I took delivery of our Model S the middle of December and have put 14,500 miles so far. Total cost of E-Fuel is $0 due to our 5.8kwh solar system. My previous vehicle was a Dodge Ram 1500 Pickup which got about 16MPG @ $4.10 per gallon is a savings of $640 per month...
     
  8. CapitalistOppressor

    CapitalistOppressor Active Member

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    I seem to recall that Washington State has like the cheapest (and greenest) energy in the country because of all the Hydro. That said, those are awesome numbers :)
     
  9. tdelta1000

    tdelta1000 Active Member

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    Two Thumbs Up.
     
  10. William13

    William13 Member

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    The "real" cost is very much higher. You are talking about the marginal cost of fuel here. The car cost over $100,000 versus $30,000 for my other rides. Thus add $0.50/mile if amortized over 140,000 miles of driving life. Add $0.25/mile if amortized over 280,000 miles.
     
  11. Krugerrand

    Krugerrand Active Member

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    Less wear and tear per mile on engine parts, tranny, hoses, rad, starter, et al, less oil changes, less tune ups and associated parts, less those other things that can go wrong; leak in gas tank, catalytic converter going bad, hole in rad, alternator...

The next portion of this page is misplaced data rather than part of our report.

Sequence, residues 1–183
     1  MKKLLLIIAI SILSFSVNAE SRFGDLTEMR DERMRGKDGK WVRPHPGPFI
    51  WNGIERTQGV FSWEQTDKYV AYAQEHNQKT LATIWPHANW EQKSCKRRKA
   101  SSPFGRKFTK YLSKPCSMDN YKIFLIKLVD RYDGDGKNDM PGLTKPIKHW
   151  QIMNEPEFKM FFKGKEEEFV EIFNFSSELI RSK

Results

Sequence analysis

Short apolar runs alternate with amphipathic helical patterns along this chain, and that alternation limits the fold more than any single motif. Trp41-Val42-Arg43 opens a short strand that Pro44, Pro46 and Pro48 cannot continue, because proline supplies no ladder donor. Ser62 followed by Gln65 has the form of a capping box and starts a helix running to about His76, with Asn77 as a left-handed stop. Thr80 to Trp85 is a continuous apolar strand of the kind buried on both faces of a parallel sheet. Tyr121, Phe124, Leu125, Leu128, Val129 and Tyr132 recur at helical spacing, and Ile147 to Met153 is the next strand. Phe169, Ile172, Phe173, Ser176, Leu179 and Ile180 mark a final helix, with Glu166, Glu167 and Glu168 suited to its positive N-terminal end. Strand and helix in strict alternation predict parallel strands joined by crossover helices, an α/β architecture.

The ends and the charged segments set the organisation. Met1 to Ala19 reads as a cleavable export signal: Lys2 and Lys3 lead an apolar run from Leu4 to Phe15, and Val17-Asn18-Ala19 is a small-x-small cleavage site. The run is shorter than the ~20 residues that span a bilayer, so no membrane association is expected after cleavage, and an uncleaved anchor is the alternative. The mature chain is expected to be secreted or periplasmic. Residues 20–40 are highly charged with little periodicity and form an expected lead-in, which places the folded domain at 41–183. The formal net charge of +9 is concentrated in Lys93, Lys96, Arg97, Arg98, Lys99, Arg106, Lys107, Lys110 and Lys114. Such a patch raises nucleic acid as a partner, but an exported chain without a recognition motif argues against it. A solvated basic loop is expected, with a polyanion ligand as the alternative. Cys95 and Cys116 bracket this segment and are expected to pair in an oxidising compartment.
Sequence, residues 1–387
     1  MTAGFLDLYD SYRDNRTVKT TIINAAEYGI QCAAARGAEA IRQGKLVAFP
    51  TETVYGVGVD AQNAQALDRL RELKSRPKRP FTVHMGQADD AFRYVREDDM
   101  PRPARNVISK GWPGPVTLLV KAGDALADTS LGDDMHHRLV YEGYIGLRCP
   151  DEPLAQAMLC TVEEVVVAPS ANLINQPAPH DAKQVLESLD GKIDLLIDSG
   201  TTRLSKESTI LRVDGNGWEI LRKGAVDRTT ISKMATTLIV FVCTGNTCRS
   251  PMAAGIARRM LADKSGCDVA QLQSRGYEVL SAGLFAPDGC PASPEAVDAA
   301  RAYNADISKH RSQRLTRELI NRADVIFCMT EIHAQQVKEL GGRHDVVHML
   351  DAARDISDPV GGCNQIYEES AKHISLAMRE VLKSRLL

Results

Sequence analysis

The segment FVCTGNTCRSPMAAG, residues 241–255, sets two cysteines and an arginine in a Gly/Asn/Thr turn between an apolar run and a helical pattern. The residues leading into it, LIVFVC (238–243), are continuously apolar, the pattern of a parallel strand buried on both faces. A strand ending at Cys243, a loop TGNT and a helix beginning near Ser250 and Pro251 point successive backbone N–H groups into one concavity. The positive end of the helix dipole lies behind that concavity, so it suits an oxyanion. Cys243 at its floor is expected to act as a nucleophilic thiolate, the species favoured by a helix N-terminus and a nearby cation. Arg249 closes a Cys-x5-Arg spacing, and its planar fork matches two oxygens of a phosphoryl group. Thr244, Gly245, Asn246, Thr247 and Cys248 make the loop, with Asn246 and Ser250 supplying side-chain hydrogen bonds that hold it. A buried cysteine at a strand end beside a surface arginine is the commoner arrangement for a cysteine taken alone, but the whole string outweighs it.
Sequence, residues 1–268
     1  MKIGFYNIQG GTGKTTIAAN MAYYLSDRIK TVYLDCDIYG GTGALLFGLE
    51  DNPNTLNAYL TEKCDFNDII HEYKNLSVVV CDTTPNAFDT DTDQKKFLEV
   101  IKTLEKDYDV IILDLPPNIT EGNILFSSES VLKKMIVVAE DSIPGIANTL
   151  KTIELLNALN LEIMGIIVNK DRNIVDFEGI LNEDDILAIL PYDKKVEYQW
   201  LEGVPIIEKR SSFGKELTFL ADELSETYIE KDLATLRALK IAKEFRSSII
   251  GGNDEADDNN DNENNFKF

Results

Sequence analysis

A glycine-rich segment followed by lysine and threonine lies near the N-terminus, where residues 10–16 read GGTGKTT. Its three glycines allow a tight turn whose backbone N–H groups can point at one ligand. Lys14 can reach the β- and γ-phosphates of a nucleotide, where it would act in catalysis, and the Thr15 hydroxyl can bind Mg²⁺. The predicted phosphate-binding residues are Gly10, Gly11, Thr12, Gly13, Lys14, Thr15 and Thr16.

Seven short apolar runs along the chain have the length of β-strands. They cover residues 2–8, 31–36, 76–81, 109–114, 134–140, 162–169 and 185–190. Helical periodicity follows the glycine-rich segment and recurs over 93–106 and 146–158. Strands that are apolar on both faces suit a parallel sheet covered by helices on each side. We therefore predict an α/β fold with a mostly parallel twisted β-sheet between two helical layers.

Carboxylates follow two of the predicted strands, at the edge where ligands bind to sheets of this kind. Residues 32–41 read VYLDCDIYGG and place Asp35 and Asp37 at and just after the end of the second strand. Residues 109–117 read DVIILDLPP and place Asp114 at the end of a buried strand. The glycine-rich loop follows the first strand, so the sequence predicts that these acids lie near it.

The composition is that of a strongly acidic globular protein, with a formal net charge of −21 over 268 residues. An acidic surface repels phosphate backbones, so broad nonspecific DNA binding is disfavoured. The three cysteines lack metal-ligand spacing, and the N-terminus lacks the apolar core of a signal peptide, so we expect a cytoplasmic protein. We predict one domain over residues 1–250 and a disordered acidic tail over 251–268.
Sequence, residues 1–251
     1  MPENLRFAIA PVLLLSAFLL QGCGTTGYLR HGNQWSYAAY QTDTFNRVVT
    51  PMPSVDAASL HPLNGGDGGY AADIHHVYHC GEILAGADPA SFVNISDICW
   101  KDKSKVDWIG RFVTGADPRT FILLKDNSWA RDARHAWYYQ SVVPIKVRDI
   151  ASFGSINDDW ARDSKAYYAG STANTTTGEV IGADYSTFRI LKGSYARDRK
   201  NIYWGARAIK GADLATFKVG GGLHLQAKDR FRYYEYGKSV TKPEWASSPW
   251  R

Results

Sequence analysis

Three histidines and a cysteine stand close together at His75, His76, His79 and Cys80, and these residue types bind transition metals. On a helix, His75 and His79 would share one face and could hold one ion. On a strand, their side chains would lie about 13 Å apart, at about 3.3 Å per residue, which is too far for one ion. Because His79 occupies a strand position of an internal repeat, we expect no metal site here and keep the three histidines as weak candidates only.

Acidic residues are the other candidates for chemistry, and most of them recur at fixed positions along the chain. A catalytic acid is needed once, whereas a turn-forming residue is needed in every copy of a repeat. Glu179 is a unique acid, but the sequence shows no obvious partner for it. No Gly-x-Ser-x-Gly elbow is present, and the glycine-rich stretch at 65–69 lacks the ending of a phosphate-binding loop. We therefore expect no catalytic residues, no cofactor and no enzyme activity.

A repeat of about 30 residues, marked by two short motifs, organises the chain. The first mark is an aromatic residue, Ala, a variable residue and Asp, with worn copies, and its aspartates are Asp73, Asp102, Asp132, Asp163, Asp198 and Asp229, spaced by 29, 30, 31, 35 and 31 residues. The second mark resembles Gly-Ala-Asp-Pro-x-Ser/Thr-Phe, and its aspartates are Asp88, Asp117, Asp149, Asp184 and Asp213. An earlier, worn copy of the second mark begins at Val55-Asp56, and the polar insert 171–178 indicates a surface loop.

12. DavidM

    DavidM P2624, Delivered

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    REAL FUEL COST TO DRIVE A MODEL S 1,000 miles per MONTH = $0
    - and I don't charge at work (or use any free public charging).
    - and I don't have PV panels on my roof.
    - and I have never used a supercharger.
    - and anybody can do it . .

    Thanks to Tesla's year end push, I received my Model S on Dec. 23rd, allowing me to file for my $7,500 tax credit this spring. I looked into using the money for a PV system, but they were still much too expensive, and I had some roof orientation issues as well. So instead, I decided to use the money to upgrade my 12 year old electric heat pump (air conditioner). My old model was a 10 SEER unit, and the new Carrier Greenspeed unit promised 18.5 SEER. I estimated that with this improvement in efficiency, my average electric bill would go down by about $50/month. With 2 months experience, my estimates have held true.
    Carrier Greenspeed Link:
    http://www.carrier.com/homecomfort/en/us/products/heating-and-cooling/heat-pumps/split-system-heat-pumps/product---split-system-heat-pumps---25vna0/